With tourism industry becoming one of the prime attractions to many governments in the world, as it can generate billions of dollars, Uzbekistan government has funds to make misleading claims and broadcast them to the world spreading a false image, with the aim of luring tourists to that country. But travel experts warn not to fall prey to such propaganda.
As the demand for travelling to new places increases, countries like Uzbekistan have started to invest in their tourism campaigns in order to attract tourists and travelers. But the question arises: is everything as idyllic as it seems?
Uzbekistan’s latest tourism campaign shows it as a safe, progressive and open-minded society which accepts all people from everywhere. But the truth is it is still a very dangerous place for people from the LGBTQ community.
As reported in The Diplomat, “It is one of the two former Soviet republics where consensual sexual relations between men is punishable by law. Those charged under Uzbekistan’s Article 120 can be sentenced to up to three years imprisonment, and gay and bisexual men and transgender people are subject to threats, abuse and torture”.
Article 120 of the country’s criminal code is a remnant of its Soviet-era past which is still encroaching on people’s fundaments rights such as the right to privacy and personal autonomy. And although article 120 does not apply to same-sex relations between women, this does not relieve them from the stigma, discrimination and violence inherent in the country towards LGBTQ individuals. So, the reality of the seemingly benign and beautiful holiday destination is that Uzbekistan censors and punishes its own citizens for not adhering to the heterosexual norms of society.
There has been an international outcry from multiple organizations such as the Association of Human Rights in Central Asia (AHRCA) to decriminalize homosexual relations but so far it has not yielded in a positive result.
Human Rights Watch in one of their reports stated that “five men […] told the Human Rights Watch that they had paid bribes of up to the equivalent of US$ 1000 to keep others from disclosing the men’s sexual orientation to family members or the public. Two of them said they had to pay a bribe to the police”.
The same report continued, “Uzbek authorities have dismissed calls to decriminalize homosexuality. In March 2020, during the UN Human Rights Committee’s review of Uzbekistan, an Uzbek government representative said that the “lifestyle [of LGBT people] was not approved by Islam and was not in keeping with the Uzbek mindset”’.
Uzbekistan is not only suppressing people’s rights to choose how they live; it is also using religion to justify its actions. While there’s no denying that Uzbekistan is a beautiful country with a vibrant culture and traditions. It is also a place where if one decides to visit, one must know the reality of the place and not be defrauded by the advertisements.
While you are on holiday, there are people there who are living in fear of being caught every day.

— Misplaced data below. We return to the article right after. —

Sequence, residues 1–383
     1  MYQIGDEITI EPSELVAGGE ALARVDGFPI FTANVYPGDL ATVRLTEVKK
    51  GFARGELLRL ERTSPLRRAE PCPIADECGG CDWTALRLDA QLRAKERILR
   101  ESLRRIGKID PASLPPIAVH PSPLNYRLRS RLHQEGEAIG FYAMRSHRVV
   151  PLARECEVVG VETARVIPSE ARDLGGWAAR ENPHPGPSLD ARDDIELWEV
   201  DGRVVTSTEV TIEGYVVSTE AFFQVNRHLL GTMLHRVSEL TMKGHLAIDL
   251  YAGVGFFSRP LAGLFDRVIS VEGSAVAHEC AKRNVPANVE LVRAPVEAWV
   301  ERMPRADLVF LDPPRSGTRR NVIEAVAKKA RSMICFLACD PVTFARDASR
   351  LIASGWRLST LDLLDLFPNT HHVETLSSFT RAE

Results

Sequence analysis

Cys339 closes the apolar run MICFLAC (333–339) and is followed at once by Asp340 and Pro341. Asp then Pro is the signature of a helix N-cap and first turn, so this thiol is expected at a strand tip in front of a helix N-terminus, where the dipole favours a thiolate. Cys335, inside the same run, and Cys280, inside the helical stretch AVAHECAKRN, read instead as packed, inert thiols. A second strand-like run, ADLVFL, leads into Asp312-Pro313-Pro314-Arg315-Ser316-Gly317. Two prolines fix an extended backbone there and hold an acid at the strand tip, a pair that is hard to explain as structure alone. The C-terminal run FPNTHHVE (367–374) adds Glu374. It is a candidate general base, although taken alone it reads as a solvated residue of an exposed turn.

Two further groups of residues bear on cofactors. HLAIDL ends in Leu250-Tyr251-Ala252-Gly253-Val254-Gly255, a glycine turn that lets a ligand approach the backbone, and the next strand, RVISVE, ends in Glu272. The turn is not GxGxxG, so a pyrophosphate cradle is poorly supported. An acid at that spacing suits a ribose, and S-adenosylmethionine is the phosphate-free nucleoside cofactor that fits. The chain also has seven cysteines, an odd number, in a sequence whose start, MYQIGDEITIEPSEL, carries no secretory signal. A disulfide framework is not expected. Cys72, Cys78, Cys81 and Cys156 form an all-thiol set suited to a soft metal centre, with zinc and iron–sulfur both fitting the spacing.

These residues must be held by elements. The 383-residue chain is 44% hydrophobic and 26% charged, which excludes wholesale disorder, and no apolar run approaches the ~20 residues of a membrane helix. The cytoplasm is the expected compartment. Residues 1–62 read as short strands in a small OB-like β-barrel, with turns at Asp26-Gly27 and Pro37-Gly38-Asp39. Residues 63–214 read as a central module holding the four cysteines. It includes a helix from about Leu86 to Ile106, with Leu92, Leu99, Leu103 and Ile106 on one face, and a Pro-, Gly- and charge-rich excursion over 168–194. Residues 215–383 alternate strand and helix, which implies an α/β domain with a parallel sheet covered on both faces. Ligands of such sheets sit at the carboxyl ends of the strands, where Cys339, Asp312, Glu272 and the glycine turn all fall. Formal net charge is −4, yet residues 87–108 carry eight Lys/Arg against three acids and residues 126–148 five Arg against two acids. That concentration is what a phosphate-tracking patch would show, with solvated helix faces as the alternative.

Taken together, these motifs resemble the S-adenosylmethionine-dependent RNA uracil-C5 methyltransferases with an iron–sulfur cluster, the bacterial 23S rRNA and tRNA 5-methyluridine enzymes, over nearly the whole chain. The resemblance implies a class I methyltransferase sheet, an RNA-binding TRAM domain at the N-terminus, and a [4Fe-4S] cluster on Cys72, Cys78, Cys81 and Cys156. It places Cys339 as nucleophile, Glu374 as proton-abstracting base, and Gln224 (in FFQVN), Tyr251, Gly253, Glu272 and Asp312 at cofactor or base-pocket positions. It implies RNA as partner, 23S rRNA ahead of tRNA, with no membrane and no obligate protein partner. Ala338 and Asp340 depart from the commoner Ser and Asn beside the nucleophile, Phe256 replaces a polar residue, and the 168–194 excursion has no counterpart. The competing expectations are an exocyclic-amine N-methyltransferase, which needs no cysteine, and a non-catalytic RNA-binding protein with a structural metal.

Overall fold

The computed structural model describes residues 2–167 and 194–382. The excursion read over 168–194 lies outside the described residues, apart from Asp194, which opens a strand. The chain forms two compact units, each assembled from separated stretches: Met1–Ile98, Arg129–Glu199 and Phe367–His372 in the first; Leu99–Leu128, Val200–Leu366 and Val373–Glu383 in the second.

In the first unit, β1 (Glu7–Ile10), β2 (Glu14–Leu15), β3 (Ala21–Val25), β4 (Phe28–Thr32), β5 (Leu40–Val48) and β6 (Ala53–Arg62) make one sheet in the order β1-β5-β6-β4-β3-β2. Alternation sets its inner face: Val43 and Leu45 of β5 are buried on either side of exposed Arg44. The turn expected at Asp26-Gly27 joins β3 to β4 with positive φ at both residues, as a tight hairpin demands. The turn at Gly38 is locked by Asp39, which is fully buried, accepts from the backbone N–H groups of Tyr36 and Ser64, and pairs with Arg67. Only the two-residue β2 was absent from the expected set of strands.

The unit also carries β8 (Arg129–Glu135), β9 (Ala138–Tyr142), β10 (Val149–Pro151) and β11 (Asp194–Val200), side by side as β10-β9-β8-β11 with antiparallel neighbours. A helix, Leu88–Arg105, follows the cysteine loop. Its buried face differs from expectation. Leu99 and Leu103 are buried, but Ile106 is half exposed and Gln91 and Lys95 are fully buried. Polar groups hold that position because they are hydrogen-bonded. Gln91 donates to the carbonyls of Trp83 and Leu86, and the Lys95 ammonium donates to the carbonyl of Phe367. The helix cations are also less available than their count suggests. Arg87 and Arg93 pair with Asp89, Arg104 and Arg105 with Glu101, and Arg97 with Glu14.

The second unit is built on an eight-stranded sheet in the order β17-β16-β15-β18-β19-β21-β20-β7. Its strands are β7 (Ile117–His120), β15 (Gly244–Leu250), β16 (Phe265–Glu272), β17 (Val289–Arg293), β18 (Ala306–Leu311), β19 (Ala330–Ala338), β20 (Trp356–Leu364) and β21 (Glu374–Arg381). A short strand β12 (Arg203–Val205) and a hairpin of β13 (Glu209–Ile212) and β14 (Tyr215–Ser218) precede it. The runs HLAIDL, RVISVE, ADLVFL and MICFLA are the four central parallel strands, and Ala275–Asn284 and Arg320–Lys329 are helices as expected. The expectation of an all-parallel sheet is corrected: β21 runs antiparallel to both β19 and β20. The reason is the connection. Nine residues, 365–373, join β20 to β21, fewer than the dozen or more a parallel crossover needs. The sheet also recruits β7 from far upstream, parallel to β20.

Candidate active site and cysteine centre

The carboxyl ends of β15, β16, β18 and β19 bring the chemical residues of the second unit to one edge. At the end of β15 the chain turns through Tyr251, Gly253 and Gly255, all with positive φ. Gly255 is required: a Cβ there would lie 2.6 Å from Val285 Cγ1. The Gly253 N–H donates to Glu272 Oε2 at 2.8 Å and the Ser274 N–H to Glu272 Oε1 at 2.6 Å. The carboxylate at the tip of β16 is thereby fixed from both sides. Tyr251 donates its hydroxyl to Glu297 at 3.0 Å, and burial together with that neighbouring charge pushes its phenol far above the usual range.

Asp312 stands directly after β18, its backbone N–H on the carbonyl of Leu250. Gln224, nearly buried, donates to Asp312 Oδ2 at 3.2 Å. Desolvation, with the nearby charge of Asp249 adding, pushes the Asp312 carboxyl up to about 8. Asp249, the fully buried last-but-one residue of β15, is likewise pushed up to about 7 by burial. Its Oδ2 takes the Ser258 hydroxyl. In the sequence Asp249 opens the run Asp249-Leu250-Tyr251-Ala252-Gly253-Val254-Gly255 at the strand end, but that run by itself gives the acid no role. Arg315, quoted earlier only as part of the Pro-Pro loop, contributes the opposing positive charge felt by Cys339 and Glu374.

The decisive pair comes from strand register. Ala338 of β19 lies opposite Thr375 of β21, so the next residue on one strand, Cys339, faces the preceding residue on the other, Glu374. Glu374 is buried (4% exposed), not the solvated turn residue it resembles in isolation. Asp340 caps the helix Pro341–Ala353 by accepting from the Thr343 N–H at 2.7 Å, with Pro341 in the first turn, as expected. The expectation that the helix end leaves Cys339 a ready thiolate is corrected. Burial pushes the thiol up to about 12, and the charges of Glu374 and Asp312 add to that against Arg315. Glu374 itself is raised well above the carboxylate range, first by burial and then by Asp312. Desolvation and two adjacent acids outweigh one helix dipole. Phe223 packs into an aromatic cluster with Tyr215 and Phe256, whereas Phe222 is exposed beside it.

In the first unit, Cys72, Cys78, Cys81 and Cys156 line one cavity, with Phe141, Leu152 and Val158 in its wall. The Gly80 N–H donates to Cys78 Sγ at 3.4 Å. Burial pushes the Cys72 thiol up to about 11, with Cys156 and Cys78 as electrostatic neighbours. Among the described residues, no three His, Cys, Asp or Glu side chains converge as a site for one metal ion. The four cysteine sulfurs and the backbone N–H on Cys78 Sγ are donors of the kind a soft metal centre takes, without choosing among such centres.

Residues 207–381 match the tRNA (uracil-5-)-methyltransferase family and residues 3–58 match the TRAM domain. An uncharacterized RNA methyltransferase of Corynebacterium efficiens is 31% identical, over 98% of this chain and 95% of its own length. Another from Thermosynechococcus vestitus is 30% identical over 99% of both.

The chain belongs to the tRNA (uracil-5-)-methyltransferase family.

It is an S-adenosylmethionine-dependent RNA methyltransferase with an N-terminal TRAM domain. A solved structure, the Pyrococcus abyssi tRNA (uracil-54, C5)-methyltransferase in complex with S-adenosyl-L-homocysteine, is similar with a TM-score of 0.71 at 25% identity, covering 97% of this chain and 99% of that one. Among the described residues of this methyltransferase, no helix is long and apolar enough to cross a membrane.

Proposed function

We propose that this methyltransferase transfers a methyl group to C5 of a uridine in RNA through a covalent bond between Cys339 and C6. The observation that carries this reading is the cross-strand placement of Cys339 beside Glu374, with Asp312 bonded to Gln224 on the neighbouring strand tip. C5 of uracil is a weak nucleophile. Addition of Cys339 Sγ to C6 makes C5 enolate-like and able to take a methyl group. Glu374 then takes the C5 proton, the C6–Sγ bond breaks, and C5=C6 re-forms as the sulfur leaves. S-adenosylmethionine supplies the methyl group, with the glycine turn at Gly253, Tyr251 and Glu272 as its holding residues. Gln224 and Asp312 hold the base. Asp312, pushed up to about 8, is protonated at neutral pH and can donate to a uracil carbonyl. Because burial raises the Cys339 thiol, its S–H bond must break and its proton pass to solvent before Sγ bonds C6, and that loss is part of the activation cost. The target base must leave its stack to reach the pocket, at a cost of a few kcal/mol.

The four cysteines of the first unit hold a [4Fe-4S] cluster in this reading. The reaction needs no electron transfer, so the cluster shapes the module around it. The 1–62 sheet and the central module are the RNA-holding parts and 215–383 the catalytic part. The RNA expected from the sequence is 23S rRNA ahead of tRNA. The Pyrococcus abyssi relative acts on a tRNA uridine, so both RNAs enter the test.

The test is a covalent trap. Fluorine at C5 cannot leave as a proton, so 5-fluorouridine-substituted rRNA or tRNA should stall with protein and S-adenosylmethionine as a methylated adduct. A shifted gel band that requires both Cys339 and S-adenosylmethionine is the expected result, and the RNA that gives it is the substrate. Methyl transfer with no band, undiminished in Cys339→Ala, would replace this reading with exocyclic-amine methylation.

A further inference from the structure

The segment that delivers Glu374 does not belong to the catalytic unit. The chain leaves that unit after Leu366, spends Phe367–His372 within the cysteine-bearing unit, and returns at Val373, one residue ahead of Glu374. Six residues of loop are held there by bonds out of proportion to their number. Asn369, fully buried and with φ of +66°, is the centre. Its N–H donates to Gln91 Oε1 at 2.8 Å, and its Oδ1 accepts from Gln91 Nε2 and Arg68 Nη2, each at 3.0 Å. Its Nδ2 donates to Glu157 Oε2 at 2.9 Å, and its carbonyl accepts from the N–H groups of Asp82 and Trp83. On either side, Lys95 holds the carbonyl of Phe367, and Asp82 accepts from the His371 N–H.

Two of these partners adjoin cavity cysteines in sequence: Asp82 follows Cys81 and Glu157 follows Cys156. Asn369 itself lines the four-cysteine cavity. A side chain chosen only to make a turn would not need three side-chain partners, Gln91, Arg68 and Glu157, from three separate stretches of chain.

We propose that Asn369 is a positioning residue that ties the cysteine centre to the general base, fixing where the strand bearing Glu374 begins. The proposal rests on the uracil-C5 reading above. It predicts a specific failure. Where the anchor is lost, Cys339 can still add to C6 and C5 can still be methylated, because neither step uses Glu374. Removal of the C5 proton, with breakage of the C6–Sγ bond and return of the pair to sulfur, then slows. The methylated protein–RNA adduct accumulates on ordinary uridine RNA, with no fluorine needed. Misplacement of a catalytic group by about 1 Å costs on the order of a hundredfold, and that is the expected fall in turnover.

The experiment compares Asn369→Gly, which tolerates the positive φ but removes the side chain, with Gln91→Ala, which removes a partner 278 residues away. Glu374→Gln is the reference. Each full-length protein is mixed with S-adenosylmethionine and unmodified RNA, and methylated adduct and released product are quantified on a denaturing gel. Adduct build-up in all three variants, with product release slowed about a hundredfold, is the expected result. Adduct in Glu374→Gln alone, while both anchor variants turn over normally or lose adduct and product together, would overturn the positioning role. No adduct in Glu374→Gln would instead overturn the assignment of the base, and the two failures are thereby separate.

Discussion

The intention of this article is not to deter anyone from visiting Uzbekistan as that would be counterproductive as there are people whose livelihoods depend on tourism, many of whom might be from the LGBTQ community. And now more than ever they need financial help to fight for their cause. It is to ensure that all of us are more aware tourists and acute observers of things we see in order to know the reality which otherwise might be hidden.
And what about local law for prostitution?
While it is widely known that Uzbek prostitutes are travelling to a number of countries in the world including India, Thailand, United Arab Emirates, Lebanon, Egypt, Morocco, Maldives, Indonesia and the Philippines mostly with tourist visas and engaging in prostitution either in escort services or by directly pimping sex by themselves, the scenario is totally different in Uzbekistan. For example, in the Philippines, an Uzbek sex worker may find her client on the streets or in nightclubs and bars, in Uzbekistan they would lure a foreigner to their hotel rooms or studio apartments, where they would secretly video the entire sexual act. Either immediately after the client has finished sex or just unclothes for having sex, there would be group of males intruding into the hotel room or apartment and make false allegations stating the man was trying to rape the Uzbek female or had already raped. At this stage, they would be threatening calling the police or filing a criminal case. A puzzled, shocked and frightened foreign tourist will have no other alternative than giving cash and his valuable belongings to the gang for the sake of getting rid of such situation. Following this incident, the tourist cannot lodge complaint with the police, as they would rather ask – “why did you involve in illegal act in Uzbekistan? Don’t you know, prostitution is illegal in this country?”
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